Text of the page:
Aussie and New Zealand Dollars Weaken while Euro and Swissie Strengthen

November 22, 2013

The U.S. dollar has risen 0.7% and 0.6% against the Oz and kiwi but is 0.3% softer relative to the euro and Swiss franc.  The dollar also climbed 0.3% relative to the loonie and is unchanged vis-a-vis the yen, yuan and sterling.

Share prices rose 0.9% in Australia, 0.6% in South Korea, 0.5% in Hong Kong, 0.2% in Taiwan and a mere 0.1% in Japan, while dropping by 0.5% in China, 0.2% in Indonesia and 0.1% in India.  In Europe, equities are also mixed, with gains of 0.3% in Spain and 0.2% in France but dips of 0.4% in Italy, 0.2% in Britain and 0.1% in Germany.

Gold and oil prices slid by 0.2% and 0.3% to $1,241.10 per ounce and $95.18 per barrel.

The 10-year Japanese JGB and German bund yields are steady.  The 10-year British gilt dipped a basis point.

The German IFO Economics Institute reported a strong business climate reading of 109.3 for November compared to 107.4 in October and 101.6 in November 2012.  The component for current conditions climbed 0.9 points to 112.2, while that for future expectations went up by 2.6 points on month to 106.3.  All sectors improved: manufacturing and wholesaling each by 4.0 points, construction by 3.1 points, and retailing by 1.8 points.  The IFO services climate index jumped 3.6 points to a score of 19.1, which matches the September reading.  November’s improvement in services was concentrated in a 5.2-point leap in the expectations component.  Service-sector firms plan to hire more staff.

Revised German 3Q GDP data with details on different sources of aggregate demand confirmed quarterly growth of 0.3% and an on-year GDP advance of 1.1% but 0.6% when corrected for the different number of working days.  The growth rate was less than half as strong as 0.7% seen last spring because of a 0.4 percentage point drag from net foreign demand.  Inventories augmented the growth rate by 0.2 percentage points.  Between 2Q and 3Q, personal consumption edged just 0.1% higher, and government spending rose 0.5%.  Investment in machinery and equipment advanced 0.5%, while construction leaped 2.4% on top of a 1.9% jump in 2Q.

BOJ Governor Kuroda and ECB President Draghi spoke overnight.

  • Kuroda said the yen is not too weak and discouraged speculation that monetary stimulus will need to be reinforced — certainly not in the near term.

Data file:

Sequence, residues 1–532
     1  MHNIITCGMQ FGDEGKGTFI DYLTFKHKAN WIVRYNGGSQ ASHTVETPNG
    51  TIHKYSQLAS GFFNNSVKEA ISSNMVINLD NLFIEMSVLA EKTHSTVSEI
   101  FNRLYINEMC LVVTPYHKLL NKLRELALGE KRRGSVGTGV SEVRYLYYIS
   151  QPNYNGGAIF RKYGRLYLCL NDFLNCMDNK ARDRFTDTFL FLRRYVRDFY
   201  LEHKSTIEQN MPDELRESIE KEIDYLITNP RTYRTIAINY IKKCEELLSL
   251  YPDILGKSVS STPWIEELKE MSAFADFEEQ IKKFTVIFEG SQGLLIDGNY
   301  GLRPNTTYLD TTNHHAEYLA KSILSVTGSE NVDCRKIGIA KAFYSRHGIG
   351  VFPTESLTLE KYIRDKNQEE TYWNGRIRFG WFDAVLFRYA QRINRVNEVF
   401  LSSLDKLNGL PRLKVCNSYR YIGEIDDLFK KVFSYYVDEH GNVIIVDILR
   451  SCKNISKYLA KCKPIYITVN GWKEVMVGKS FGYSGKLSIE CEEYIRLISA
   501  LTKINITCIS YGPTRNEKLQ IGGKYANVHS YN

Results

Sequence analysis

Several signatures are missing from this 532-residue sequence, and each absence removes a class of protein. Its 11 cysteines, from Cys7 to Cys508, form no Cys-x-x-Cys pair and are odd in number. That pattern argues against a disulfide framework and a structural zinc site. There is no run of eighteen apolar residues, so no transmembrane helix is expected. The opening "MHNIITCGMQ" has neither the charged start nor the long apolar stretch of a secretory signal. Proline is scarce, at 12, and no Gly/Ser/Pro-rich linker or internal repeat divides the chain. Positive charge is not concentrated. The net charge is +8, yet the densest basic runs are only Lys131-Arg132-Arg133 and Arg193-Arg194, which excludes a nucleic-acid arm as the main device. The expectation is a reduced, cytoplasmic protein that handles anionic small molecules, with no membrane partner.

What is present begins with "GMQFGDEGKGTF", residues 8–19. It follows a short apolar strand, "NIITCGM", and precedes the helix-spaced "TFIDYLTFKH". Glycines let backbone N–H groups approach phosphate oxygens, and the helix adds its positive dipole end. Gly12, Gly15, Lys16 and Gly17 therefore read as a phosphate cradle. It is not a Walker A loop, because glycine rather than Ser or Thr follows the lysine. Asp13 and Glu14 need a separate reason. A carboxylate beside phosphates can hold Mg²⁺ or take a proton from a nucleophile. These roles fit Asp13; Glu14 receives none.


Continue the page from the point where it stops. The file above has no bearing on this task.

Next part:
• Draghi stressed that monetary policy cannot be tailored to any one economy but must address average economic trends in the whole euro area.

There was no surprise from the monthly Bank of Japan economic assessment, which maintained the existing view of a moderate recovery with inflation now positive and expected to rise gradually eventually.

Italian retail sales slipped 0.3% in September and were 2.8% weaker than a year earlier.  Swedish consumer sentiment improved 2.8% to a much higher reading of 104.9 than had been forecast.  According to the Conference Board, Germany’s index of leading economic indicators rose 0.2% in September, but the index of coincident economic indicators took a 0.1% step backward.  Industrial production in Austria posted drops of 0.5% on month and 0.1% on year in September.  Wage inflation in Iceland ticked a tenth percentage point higher last month to 6.0%.

Canada will be releasing figures today on retail sales and consumer prices. U.S. scheduled data arrivals include the Kansas City Fed manufacturing index and the Labor Department JOLTS index of layoffs and hirings.  KC Fed President Esther George, one of the FOMC’s most outspoken hawks, speaks publicly.

Copyright 2013, Larry Greenberg.  All rights reserved.  No secondary distribution without express permission.

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